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Communications Facebook IOS Social Networks

Messenger App Brings Free VoIP to US Facebook Users — At a Price 58

The Washington Post (among many others) reports on a development from Facebook that may excite many more users than does the much-hyped announcement about richer search capabilities: after launching a Canadian trial balloon not long ago, Facebook is expanding the reach of its free in-app VoiP communications with free voice comms via the company's smartphone app. "Excite" for some people will also mean "infuriate": to get the free candy, the recipient will need to have shared his or her number with Facebook, which many people will understandably be loath to do. From the WaPo article: "To use the feature, Facebook users must hit the 'i' info icon in the corner or a conversation or contact information page. That panel has a 'Free Call' button that you can use if your friend has shared a mobile number with Facebook and is available for a call. The company slowly has been building out the features available in chat — most notably with the 2011 Skype partnership that put video calling on the Web version of its site. When it released Facebook Messenger last fall, it became even clearer that messaging and mobile applications were priorities for the company."
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Messenger App Brings Free VoIP to US Facebook Users — At a Price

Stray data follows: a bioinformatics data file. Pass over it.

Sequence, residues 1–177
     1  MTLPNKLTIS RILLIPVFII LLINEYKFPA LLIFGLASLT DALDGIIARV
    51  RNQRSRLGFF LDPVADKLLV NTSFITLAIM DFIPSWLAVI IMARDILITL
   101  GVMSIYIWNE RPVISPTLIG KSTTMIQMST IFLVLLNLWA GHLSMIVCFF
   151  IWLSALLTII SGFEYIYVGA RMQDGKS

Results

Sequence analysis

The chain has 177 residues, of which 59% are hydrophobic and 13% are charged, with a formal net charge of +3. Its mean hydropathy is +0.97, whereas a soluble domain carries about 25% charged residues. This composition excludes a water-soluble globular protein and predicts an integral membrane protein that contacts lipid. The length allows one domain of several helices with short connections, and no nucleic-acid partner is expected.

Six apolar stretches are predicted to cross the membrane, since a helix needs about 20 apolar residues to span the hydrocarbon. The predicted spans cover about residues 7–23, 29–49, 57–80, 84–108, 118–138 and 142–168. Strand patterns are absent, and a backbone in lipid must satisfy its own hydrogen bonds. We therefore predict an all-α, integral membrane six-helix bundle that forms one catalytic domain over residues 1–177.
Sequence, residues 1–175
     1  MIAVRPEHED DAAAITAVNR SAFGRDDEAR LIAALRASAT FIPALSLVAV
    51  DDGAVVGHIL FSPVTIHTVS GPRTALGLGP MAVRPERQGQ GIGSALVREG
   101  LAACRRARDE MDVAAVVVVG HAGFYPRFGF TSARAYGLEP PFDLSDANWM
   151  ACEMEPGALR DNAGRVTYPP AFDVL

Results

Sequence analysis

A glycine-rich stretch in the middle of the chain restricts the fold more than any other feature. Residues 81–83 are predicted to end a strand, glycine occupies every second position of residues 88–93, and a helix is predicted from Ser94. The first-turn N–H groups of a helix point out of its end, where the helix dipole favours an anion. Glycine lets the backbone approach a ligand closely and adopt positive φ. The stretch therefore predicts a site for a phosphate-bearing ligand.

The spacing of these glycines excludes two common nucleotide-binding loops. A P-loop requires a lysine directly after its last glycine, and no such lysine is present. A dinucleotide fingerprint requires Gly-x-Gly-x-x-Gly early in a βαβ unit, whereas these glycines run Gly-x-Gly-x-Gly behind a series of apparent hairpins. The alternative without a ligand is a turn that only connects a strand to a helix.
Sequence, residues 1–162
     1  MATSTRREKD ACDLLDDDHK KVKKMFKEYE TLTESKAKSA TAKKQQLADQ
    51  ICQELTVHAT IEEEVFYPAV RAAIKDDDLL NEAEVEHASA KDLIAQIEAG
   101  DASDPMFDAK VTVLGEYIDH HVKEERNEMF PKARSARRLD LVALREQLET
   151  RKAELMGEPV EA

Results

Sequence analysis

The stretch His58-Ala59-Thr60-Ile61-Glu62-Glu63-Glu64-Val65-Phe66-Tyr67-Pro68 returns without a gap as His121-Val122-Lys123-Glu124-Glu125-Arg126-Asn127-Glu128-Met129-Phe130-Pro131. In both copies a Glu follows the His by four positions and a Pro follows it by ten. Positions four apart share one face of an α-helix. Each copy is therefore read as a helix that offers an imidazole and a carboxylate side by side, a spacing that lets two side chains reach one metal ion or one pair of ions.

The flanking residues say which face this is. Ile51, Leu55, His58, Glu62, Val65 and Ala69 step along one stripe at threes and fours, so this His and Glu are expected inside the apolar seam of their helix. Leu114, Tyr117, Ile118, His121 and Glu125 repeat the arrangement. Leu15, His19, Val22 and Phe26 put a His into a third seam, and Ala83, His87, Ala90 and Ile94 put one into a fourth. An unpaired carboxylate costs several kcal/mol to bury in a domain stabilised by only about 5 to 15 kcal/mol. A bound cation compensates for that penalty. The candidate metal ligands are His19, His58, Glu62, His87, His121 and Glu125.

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  • Irrational (Score:4, Insightful)

    by ZombieBraintrust ( 1685608 ) on Thursday January 17, 2013 @12:53PM (#42617657)
    There is no way for this service to work if Facebook doesn't have the reciepients number. Someone must have the recipients number in order for a connection to be created. Getting angry over that seems really irrational. Putting your phone number in Facebook is a step above putting it in the phonebook. At least with Facebook you can restrict viewing the info to friends or friends of friends.
  • Re:Irrational (Score:5, Insightful)

    by gstoddart ( 321705 ) on Thursday January 17, 2013 @01:07PM (#42617793) Homepage

    At least with Facebook you can restrict viewing the info to friends or friends of friends.

    And any advertiser Facebook decides they want to share it with.

  • by Ollabelle ( 980205 ) on Thursday January 17, 2013 @01:10PM (#42617829)
    The warnings in Facebook's reports to the SEC always mention advertising revenue on mobile phones as one of their challenges. And this is how they will build their database of mobile phone numbers.

    At some point, they'll "streamline" the privacy settings so the numbers will be shareable, visible, etc. so the advertising revenue can start coming in.

  • Correct Number (Score:3, Insightful)

    by jsm18 ( 1317959 ) on Thursday January 17, 2013 @01:12PM (#42617851)

    Has anyone tried to do this with an incorrect phone number? If the call is locating you based on your Facebook ID, then the phone number shouldn't matter, but who knows how Facebook implemented the feature.

    I don't have an iPhone, or I would check this myself.

  • Re:Correct Number (Score:5, Insightful)

    by Technician ( 215283 ) on Thursday January 17, 2013 @01:32PM (#42618039)

    I wonder if a Google Voice cell phone would work. It does text and voice. I can forward the call or not for a do not bug me mode. I have a Google Voice number I give out to salesmen and scammers to protect my regular cell phone.

    I use my GV number to call back collection agencies that keep calling my landline looking for it's prior owner to complain. If I call from another number to complain, they don't put it in their database that someone took the call.

A committee takes root and grows, it flowers, wilts and dies, scattering the seed from which other committees will bloom. -- Parkinson